Next Year, Let's All Cry More

Acknowledging negative emotions and dealing with them through talking, crying and exercise, for example, is an important fact of life

30/12/2017 09:05 GMT | Updated 30/12/2017 09:05 GMT

Ahhh, a new year. The perfect opportunity to finally get that gym membership you’ve been putting off, to shed a few pounds and save for that car you’ve always wanted. A new chance to reinvent yourself, to change your style, make a career change or to give up alcohol once and for all. Only to find yourself in the middle of January feeling deflated, downtrodden and completely restricted by the resolutions you seem to give yourself every year. We’ve all been there and it’s no wonder, given the ‘new year, new me’ rhetoric we’re all blasted with from the media outlets and brands wanting to sell us the ideal.

Quite often, January is a time where we are all shamed for the hideous amount of chocolate we ate throughout December, with discounted annual gym memberships and home workout DVDs being shoved down our throats. We’re told that we didn’t quite fit the mould throughout 2017, but 2018 could be different. This could be your year to shine – the year you get the ultimate ‘revenge body’ on that ex who still has a place in your heart, or the year you finally get your dream job or move to a new city.

Quite frankly, we’re putting ourselves under an immense amount of pressure to reinvent. I see the end of the year as a perfect opportunity to reflect. To look back over one’s achievements and shortcomings throughout the year and to look back at previous years for a bit of perspective. We all make mistakes and it’s far more productive to accept where we’ve made bad decisions, to learn from it and to box it off as experience. Don’t self-deprecate or spend too much time focusing on it.

For 2018, I’d like to propose two alternative challenges: to cry more and to detox your digital life.

Recent Ditch the Label research found that the majority of us have negative attitudes towards crying. In addition, the analysis of over 12-million online conversations found that the measurable lack of emotional openness we have within society is having a clear and detrimental impact upon our mental health; leading to surges in depression, anxiety, body dysmorphia and eating disorders – amongst others.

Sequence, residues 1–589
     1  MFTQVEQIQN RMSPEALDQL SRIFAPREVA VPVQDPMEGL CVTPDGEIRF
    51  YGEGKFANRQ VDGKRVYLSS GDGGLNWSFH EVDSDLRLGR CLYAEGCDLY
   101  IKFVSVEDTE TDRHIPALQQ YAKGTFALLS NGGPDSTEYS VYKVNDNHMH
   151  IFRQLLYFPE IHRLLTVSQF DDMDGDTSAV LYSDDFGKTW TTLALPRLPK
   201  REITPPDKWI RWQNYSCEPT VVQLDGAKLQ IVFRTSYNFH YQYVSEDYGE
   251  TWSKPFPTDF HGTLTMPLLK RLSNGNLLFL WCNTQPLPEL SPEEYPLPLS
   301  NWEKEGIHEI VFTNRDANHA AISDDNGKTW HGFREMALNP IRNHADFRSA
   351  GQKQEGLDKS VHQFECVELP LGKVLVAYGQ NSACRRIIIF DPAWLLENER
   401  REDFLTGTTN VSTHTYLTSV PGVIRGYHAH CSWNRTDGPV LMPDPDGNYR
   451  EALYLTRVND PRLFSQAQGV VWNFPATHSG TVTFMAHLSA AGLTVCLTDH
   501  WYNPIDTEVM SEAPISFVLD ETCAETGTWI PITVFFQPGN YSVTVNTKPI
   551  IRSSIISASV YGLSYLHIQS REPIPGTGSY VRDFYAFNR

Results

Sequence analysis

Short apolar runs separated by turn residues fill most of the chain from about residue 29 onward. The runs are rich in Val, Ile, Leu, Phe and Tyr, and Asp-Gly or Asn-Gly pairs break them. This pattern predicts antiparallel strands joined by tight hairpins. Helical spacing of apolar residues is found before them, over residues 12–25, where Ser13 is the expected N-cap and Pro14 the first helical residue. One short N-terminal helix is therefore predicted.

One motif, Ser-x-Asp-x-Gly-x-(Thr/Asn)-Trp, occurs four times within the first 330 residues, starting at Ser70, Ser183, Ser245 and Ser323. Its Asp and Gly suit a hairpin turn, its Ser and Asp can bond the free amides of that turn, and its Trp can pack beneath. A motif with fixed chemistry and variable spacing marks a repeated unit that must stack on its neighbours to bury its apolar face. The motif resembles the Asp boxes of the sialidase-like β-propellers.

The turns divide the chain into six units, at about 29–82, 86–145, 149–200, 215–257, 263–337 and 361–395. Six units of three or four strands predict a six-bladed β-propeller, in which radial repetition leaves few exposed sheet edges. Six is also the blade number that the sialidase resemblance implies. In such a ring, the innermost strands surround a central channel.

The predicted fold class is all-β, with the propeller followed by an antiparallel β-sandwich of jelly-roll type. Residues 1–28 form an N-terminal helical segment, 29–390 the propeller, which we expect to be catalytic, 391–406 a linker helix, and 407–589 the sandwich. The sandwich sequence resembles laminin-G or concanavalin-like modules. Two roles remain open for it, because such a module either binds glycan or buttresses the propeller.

The notion that it isn’t okay to cry is a dangerous one. Our culture of ‘stiff upper lip’, discourages the natural and healthy ways in which negative emotion must be processed. This is an issue that affects us all, but disproportionately more so men – leading to a stoic masculine culture, where men are encouraged to use violence and aggression as a way of coping with negative emotions.

Acknowledging negative emotions and dealing with them through talking, crying and exercise, for example, is an important fact of life. Good and bad happens to us all and it’s okay to have a sulk now and again, so give yourself the space to do so. The people who are seemingly happy all the time are lying. It isn’t normal or healthy to be happy all of the time and it’s okay to have a bit of a cry sometimes. We should be giving people the space and encouragement to process emotions in healthier ways.

Aside from a lack of crying, one of the biggest trends affecting mental health at the moment is social media. It is clear that the constant bombardment of seemingly perfect lifestyles is having a negative impact upon mental health, and particularly of younger generations who are not necessarily equipped with the critical skills to negotiate between fact and fiction when it comes to heavily edited and filtered within an inch-of-their-lives Instagram snaps.  

The subliminal message is clear: everybody is having more fun than you; their lives are better and your lifestyle sucks. What people often fail to recognise is the fact that the content people post online is purely augmented – most of us admit to only sharing the positive things on social media, seldom shining light upon the negatives. 

Throughout 2018, be aware of the fact that people only show what they want you to see online – and some of it is completely made up or taken out of context. If you’re leaving your favourite social network feeling inferior or bad about yourself – it’s time for a digital detox. And no, I don’t mean switching it off, I mean taking the time to unfollow the profiles and people who you once considered ‘aspirational’ and recognise that they are selling you an unrealistic ideal and it’s affecting how you feel about yourself.

This blog is part of HuffPost UK’s 12 days of Christmas series. From 20 December we will bring you blogs and vlogs from individuals at the centre of some of 2017′s biggest news stories. They will reflect on the past 12 months and also look forward to new year. To find out more follow our hashtag #HuffPost12Days or visit our series page.